We’ve already had one Hellboy discussion, but we haven’t had a review.

Cast, Crew, and Other Info:

Director: Guillermo del Toro

Writers: Guillermo del Toro, Mike Mignola

Hellboy: Ron Perlman
Prof. Trevor Bloom: John Hurt

Liz Sherman: Selma Blair
John Myers: John Myers
Rasputin: Karel Roden
Tom Manning: Jeffrey Tambor
Kroenan: Ladislav Beran
Clay:Corey Johnson
Ilse: Biddy (Bridget) Hodson
Young Broom: Keven Trainor
Abraham Sapien: Doug Jones

Premise: A Nazi occult experiment brings a demon-child to earth. A kindly American scientist raises him to be a hero, who must prevent the apocolypse.

High Points : Any of the conflicts with Kroenan; he’s a prop rather than a character, but they use him well, and he exerts a morbid fascination.

Perlman’s quiet moments as Hellboy often work.

Low Points: Ilse basically comes across as a Nazi bimbo, and she does little that’s interesting or important. She has no character, just a series of poses and outfits. She would be tolerable as eye-candy, except she’s clearly supposed to be Ilse Koch (also Ilsa Koch), the warped wife of Buchenwald commandent Karl Koch. If you’re going to use Ilse, justify it. Roden’s Rasputin isn’t much like the historical figure, but at least using him as a sorcerer makes some kind of sense. Ilse’s use is gratuitous.

Also: the need to have a voiceover hammer us over the head with an already-obvious moral at the conclusion.

The Scores:

Originality: 3/6. The material works fairly well, but it’s highly derivative, the usual comic/gaming/fantasy mix of historical occult nonsense, Christian lore, Lovecraft, and pulp fiction and comic-book conventions. In short, this is Buffy or Angel with a really big budget.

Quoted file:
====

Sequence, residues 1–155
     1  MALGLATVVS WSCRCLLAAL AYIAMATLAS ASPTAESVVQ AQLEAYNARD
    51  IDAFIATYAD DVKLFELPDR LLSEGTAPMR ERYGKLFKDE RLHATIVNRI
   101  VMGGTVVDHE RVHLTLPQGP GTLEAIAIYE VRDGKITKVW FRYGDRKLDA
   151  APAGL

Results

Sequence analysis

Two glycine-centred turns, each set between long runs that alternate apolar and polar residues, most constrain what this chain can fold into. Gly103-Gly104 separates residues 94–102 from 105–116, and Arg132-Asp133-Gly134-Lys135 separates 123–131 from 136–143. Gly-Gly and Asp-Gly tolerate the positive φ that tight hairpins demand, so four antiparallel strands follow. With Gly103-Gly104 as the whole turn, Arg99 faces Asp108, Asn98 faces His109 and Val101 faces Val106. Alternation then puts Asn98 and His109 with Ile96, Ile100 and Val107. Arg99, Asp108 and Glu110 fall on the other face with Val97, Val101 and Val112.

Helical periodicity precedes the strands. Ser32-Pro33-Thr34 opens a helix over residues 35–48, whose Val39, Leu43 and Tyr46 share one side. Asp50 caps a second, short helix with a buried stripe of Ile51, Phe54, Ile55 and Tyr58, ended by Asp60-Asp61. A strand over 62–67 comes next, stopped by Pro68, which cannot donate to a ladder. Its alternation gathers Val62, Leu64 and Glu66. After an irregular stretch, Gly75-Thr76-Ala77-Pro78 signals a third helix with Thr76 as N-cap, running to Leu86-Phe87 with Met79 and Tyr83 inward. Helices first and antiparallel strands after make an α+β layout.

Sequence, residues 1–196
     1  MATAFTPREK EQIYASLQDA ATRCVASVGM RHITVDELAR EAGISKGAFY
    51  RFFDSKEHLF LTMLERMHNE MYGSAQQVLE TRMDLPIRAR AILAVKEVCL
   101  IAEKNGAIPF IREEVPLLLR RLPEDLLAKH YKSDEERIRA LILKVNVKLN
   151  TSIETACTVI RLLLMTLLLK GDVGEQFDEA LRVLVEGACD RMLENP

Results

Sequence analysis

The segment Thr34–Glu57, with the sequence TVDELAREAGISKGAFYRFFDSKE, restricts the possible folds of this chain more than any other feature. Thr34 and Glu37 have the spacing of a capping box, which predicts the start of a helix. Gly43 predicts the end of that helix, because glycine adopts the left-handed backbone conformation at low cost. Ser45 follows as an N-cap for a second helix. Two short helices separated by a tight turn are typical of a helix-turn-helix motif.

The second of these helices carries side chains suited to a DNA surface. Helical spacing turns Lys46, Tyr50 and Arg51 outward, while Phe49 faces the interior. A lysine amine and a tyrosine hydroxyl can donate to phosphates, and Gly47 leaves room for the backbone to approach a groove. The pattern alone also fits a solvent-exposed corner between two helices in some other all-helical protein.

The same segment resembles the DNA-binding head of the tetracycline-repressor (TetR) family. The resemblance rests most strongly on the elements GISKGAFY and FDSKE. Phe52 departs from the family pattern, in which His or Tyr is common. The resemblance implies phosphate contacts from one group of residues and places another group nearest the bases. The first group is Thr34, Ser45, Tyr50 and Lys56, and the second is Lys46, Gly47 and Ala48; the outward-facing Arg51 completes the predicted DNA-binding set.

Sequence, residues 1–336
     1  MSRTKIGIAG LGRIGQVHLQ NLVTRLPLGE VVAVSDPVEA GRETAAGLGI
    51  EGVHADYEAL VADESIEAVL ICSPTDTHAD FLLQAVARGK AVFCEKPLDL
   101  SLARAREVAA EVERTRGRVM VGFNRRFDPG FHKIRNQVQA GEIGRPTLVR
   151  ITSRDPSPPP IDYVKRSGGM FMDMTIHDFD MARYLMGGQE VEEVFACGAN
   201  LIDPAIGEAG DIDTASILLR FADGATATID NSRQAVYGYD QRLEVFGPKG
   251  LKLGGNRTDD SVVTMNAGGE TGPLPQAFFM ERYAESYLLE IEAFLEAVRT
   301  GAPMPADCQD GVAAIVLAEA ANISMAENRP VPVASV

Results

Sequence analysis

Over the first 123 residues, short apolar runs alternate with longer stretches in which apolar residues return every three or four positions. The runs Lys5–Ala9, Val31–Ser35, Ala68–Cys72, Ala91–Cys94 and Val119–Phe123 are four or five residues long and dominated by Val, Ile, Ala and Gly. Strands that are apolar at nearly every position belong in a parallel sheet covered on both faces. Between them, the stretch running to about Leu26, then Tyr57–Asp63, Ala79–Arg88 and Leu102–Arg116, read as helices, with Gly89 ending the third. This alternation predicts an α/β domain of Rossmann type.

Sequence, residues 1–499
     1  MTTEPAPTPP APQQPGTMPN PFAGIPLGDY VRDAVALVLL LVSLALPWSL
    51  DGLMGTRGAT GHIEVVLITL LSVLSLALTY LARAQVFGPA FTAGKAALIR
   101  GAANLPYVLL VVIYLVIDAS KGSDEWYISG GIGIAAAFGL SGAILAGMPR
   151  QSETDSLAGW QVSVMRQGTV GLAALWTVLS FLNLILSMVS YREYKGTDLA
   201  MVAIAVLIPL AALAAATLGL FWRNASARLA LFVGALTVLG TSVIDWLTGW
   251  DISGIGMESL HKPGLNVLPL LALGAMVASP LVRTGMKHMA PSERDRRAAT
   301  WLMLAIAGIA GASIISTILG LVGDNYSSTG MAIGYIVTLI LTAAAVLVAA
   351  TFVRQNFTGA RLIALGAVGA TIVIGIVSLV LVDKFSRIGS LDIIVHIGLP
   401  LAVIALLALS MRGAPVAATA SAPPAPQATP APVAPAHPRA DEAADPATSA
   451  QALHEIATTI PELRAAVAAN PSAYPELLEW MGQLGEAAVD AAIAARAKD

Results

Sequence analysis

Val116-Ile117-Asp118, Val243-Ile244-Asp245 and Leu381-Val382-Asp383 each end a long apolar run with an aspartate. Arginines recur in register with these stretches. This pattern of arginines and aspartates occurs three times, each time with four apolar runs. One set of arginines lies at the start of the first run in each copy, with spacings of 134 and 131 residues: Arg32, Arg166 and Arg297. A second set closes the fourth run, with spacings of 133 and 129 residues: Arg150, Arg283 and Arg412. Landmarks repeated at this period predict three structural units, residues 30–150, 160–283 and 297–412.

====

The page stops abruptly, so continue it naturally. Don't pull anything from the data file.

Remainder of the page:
Effects: 5/6 Excellent overall: especially the work on Abe and Kroenan. Some of the monster graphic work could have been a little better, but no one outside of The Lord of the Rings ever gets this as good as it could be.

Story: 4/6: Oh no! Someone’s planning the apocalypse! The main story’s not terribly original or interesting, but it propels the action along nicely. What intrigued me more were the multiple backstories at which the film hints: Abe’s mysterious origins, the Vatican statue, and so forth. Fans of this sort of thing will take these in stride, and even relish them. Others may be left confused, but it shouldn’t affect their overall enjoyment.

Acting: 4/6. Perlman makes Hellboy a sensitive and interesting figure, while Abe has a memorably quirky personality. Neither of these are deep, but they are appealing. The rest of the cast rarely gets more than one dimension. Myers has barely any characteristics at all.

Production: 6/6 Production values are high. Hell, boy, they had so much cash behind this film, they could afford to waste it on completely gratuitous sets and unnecessary effects.

Emotional Response: 3/6 Blunted. I couldn’t take Liz’s pain seriously because the movie never develops Liz as a person. Meanwhile, we’re invited to ignore the pain of large groups of people; the immolation of the psychiatric ward plays as a gratuitous effect. I did feel for Hellboy, however, and the film does deliver fun suspense effectively.

Overall: 4/6. If you’re looking for a fun comic-book movie, this works. If you seek some depth in your fantasy, this may not be the film for you.

Hellboy receives a final score of 29/42